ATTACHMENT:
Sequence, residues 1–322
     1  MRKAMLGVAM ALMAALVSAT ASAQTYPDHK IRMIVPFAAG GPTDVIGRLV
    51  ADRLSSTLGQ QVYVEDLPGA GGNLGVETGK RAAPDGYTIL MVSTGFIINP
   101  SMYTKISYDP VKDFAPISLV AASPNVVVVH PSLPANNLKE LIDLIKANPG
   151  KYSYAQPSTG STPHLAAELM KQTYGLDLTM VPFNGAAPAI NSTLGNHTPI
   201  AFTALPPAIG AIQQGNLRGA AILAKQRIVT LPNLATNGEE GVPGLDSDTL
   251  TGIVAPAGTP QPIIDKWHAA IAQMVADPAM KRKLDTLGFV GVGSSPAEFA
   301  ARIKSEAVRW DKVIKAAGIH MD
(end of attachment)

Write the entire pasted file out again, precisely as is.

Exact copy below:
Sequence, residues 1–322
     1  MRKAMLGVAM ALMAALVSAT ASAQTYPDHK IRMIVPFAAG GPTDVIGRLV
    51  ADRLSSTLGQ QVYVEDLPGA GGNLGVETGK RAAPDGYTIL MVSTGFIINP
   101  SMYTKISYDP VKDFAPISLV AASPNVVVVH PSLPANNLKE LIDLIKANPG
   151  KYSYAQPSTG STPHLAAELM KQTYGLDLTM VPFNGAAPAI NSTLGNHTPI
   201  AFTALPPAIG AIQQGNLRGA AILAKQRIVT LPNLATNGEE GVPGLDSDTL
   251  TGIVAPAGTP QPIIDKWHAA IAQMVADPAM KRKLDTLGFV GVGSSPAEFA
   301  ARIKSEAVRW DKVIKAAGIH MD